Like in a not very elaborate shell game, the US President Donald Trump claimed on Wednesday that NATO members should raise their defense spending to 4% of GDP, two points above the 2% the Atlantic Alliance agreed to reach by 2024. Trump made this statement yesterday at the NATO Summit in Brussels, while several Belgian and European organisations demonstrated against NATO and asked for a reduction on military expenditure.
The mere suggestion of doubling the 2% spending target – which by the way has never been proved as a real need – furthermore hides the attempt to increase the profits of the arms and defense industry, on behalf of which Trump and other leaders of NATO countries are negotiating. We regard it as unnecessary to increase a global military expenditure that has reached $1739 billion in 2017, growing again, along with the manufacturing and trade of arms and global instability.
Under the pretext of the Russian threat and the fight against international terrorism, NATO countries will contribute to the next initiatives of the Atlantic Alliance. According to the Secretary General Jens Stoltenberg, they will contribute with new mechanized battalions, military drones, combat vessels, and with an updated command structure, with new personnel and hybrid teams focused on cyberdefense and security.
Meanwhile, poverty is on the rise in developing countries and extreme poverty has returned to the USA, while their president blackmails the other countries with abandoning the Atlantic Alliance if governments don’t fulfill their commitment to increase the money invested in arms and war to the 2% of GDP, despite the fact that this is not an obligation, but an agreement. We consider this as a clear and intolerable attempt to interfere in other countries’ domestic politics.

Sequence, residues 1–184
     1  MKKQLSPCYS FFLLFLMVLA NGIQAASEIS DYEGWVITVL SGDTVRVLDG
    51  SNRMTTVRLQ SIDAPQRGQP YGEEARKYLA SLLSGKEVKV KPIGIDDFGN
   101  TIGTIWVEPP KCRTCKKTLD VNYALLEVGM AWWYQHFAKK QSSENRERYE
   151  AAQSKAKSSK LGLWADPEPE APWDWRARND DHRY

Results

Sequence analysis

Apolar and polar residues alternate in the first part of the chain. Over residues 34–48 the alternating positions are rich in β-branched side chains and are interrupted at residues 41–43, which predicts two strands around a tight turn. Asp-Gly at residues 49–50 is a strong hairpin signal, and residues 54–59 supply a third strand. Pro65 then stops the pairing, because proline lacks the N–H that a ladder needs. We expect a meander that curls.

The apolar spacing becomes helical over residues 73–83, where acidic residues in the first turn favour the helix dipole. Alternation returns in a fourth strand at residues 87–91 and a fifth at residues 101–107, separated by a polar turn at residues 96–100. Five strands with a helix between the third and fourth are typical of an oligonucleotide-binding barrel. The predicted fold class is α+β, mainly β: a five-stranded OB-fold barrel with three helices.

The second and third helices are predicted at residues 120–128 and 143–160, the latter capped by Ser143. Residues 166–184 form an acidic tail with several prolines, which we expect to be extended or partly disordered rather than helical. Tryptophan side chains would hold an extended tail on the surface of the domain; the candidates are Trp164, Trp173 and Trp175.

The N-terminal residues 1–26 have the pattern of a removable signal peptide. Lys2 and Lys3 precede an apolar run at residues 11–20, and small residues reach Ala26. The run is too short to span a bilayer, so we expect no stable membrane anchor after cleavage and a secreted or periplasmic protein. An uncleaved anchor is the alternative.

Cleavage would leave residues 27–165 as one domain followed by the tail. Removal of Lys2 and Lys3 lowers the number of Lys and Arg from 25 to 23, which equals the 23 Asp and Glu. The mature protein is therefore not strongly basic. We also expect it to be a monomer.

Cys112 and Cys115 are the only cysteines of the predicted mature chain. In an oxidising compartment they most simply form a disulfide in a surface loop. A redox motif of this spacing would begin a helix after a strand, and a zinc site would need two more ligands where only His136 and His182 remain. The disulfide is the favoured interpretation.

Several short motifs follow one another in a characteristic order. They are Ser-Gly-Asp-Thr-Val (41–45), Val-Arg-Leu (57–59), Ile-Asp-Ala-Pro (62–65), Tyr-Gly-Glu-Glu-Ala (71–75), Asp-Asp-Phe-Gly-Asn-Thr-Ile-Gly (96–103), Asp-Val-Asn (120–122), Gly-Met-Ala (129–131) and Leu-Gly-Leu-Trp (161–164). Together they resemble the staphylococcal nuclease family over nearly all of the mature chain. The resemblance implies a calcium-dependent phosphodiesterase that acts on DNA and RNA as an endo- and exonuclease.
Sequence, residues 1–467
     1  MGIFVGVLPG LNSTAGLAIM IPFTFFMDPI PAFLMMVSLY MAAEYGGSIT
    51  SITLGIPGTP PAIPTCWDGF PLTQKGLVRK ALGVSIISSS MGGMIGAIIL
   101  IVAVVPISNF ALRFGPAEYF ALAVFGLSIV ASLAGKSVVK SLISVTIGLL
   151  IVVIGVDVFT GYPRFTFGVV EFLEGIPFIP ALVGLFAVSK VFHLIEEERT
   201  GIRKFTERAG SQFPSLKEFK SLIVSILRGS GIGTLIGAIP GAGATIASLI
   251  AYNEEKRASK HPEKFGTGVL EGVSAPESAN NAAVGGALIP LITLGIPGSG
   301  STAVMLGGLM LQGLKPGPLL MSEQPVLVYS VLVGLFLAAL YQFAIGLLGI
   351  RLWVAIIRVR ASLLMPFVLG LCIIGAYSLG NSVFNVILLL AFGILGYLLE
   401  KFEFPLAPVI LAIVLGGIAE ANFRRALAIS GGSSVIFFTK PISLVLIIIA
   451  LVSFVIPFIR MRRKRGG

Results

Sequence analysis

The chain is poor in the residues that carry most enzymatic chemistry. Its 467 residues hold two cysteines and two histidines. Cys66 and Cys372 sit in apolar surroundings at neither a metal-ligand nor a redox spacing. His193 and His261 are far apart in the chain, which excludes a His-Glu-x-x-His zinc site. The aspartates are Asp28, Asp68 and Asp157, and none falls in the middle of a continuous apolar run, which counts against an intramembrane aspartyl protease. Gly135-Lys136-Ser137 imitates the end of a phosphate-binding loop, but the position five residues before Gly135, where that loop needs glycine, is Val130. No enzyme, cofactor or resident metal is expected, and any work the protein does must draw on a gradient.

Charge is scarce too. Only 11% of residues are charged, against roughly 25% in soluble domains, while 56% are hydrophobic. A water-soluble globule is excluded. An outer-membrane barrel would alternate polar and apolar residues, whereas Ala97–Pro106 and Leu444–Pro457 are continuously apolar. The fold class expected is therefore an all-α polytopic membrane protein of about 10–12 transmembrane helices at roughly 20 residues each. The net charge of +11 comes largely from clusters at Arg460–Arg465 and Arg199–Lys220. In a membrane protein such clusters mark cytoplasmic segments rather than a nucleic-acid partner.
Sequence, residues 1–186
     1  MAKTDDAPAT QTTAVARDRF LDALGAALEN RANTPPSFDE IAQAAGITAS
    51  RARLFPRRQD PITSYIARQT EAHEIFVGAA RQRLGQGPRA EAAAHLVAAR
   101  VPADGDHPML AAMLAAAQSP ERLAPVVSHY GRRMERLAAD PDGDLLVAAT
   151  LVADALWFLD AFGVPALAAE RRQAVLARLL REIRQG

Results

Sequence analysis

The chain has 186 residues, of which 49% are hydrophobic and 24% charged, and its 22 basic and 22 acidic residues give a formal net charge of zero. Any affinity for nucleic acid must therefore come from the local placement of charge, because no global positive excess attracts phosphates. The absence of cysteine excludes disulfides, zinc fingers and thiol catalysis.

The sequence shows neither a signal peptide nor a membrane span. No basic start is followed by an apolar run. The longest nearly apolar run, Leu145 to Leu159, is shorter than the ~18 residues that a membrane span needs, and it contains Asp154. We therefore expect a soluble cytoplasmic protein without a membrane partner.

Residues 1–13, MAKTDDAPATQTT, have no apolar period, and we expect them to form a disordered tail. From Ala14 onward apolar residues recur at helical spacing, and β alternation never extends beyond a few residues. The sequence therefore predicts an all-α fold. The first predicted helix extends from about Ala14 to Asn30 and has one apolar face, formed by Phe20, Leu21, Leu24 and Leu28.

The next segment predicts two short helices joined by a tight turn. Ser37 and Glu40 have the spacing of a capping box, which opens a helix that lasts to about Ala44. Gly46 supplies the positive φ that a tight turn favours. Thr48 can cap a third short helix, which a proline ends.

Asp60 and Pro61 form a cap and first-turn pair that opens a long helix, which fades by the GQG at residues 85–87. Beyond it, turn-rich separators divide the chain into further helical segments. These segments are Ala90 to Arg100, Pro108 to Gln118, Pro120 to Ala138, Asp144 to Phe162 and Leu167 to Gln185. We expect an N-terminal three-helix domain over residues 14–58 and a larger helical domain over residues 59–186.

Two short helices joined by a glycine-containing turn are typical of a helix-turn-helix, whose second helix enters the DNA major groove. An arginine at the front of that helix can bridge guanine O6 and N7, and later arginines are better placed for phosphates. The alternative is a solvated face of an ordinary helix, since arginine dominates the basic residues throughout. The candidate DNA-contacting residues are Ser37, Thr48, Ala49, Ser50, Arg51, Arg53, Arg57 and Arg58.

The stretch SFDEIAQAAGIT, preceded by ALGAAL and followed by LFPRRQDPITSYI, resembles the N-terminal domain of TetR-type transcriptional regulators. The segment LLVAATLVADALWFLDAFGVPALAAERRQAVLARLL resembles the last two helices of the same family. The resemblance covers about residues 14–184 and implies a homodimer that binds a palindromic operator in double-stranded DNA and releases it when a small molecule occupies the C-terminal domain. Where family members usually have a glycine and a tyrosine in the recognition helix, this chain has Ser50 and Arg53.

The money pumped into the military and the arms industry would be far better spent on eliminating hunger and poverty, providing education, quality health and culture to everybody, reversing climate change and improving social justice and gender equality. Only 10% of the global military spending would be enough to achieve some of the UN Sustainable Development Goals and to cover real human needs.
This claim is now more valid than ever, as there is an urgent need to remove for once and for all the prevalence of military mindset and the way it is implicit in aggressive alliances, notably NATO. Instead, we need to strengthen the process towards real democracy and focus upon diplomacy, international law and intercultural cooperation, in order to achieve environmental and human security, where the real threats we face globally lie in.
Global Campaign on Military Spending (GCOMS)
Barcelona, 12 July 2018